Loading the player ...
Midland Looking At Expanding Recycling Program 06/20/12
CBS 7 News
June 20, 2012
Midland, TX – City services in one west Texas town are stretched as more people flock to the area and with that growth comes a higher demand for going green. But overflowing recycle bins is very discouraging for those who are trying to be responsible. The idea of a curb side recycling program is one that city officials have been considering for over a year. With full recycling centers and a growing population adding stress to the landfill, now might be the time for more recycling options.
More people are going green in the tall city but Midlanders looking to recycle are finding recycling bins are filled to capacity.
"I was surprised about that it may have been a busy weekend, people are recycling more but usually the bins aren't full," said Morris Williams, Midland Director of Solid Waste.
But avid recycler Don Bateman says this is usually the case, turning people away.
"I came to drop off some boxes and papers and they're all full," said Don Bateman, Midlander.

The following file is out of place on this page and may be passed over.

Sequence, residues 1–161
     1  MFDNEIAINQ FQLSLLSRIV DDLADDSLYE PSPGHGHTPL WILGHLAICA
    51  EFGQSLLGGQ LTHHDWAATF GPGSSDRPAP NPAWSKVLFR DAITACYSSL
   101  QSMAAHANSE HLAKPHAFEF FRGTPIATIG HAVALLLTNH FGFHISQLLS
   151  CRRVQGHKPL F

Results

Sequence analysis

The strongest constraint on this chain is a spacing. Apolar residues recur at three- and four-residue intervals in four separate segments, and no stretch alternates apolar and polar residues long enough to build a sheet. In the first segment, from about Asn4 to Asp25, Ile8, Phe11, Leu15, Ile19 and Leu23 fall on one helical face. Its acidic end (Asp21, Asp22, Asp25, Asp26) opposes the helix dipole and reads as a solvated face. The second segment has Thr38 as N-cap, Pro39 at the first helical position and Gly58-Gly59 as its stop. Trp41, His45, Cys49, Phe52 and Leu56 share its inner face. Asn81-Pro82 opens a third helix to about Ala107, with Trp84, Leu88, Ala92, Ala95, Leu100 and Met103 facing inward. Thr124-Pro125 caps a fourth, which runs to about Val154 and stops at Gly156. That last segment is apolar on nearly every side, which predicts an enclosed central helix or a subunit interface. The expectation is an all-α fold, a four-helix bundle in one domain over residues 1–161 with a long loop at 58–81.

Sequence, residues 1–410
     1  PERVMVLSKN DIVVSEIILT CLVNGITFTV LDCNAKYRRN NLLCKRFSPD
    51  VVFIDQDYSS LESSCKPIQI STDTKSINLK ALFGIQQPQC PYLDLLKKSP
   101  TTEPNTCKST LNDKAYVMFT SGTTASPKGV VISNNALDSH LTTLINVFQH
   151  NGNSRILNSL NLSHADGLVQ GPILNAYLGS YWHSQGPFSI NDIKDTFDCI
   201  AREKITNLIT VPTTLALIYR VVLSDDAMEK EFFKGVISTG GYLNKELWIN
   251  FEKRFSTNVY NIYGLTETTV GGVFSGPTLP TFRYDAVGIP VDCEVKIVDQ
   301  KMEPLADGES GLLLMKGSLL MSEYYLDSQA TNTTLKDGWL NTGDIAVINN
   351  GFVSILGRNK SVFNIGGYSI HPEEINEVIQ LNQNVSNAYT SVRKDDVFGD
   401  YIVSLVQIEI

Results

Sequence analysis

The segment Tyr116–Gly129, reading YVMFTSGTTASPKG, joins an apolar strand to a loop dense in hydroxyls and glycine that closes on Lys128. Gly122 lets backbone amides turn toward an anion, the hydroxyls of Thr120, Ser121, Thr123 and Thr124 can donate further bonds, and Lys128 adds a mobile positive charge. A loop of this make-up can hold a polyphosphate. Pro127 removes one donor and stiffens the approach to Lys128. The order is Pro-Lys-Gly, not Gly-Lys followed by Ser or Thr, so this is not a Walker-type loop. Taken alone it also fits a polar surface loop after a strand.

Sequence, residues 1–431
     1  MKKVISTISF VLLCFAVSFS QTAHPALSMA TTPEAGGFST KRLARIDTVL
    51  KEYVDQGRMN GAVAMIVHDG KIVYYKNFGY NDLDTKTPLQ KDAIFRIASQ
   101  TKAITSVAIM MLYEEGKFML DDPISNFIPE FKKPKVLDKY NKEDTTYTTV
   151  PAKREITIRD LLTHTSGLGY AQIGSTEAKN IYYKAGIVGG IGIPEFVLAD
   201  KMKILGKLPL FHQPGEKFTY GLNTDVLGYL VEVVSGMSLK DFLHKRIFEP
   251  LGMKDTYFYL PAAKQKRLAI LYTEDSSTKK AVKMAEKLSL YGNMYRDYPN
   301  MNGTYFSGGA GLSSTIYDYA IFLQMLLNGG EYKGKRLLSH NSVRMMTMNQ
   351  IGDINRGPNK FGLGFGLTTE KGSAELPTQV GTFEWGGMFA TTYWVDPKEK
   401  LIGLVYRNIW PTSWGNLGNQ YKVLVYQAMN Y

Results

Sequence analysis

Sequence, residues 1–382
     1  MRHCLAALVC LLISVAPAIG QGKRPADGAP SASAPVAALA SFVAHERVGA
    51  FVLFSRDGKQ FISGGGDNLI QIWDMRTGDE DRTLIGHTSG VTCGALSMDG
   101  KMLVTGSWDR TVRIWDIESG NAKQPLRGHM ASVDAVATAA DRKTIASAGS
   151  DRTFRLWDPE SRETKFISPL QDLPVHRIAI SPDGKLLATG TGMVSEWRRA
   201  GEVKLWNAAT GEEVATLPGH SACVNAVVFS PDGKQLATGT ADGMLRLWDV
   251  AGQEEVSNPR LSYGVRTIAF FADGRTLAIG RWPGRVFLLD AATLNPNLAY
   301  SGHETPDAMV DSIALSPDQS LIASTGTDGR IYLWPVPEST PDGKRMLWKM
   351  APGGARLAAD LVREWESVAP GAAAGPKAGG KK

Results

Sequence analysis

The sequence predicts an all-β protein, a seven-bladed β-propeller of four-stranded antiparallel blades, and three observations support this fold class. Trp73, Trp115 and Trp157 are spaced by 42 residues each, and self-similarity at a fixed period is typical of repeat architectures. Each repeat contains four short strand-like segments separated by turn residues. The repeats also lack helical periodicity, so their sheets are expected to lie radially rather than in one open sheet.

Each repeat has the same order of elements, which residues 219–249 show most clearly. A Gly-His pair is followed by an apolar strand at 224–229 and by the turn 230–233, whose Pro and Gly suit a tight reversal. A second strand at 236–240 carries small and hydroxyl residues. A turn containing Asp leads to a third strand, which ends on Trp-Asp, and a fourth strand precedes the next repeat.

Bateman says the situation is discouraging to residents.
"Then you're only choice is to put them in the dumpsters and they go to the landfill," said Bateman.
"A lot of this stuff is going to the landfills when it can be used to make other things, having it wasted and taking up space in the landfill," said Michele Bernes, Owner, Green Daisies.
Michele Bernes is the owner of Green Daises, a local curbside recycling service. about a year ago city officials considered using green daisies and another company for a curbside pilot program but it never happened.
"They didn't seem to have the equipment to really do a big pilot program," said Williams.
But Solid Waste Director Morris Williams says with more trash and more people who want to be recycle, the City has to come up with a solution.
"We're still looking at doing a pilot program, it doesn't have to be privatized, we may do it in house, we're doing the best we can with what we have but we are working at making this recycling program better," said Williams.
We spoke with several council members who say that they would like to see a pilot program to gather data and asses the potential savings to the landfill. They agree more recycling is needed for the future of the tall city.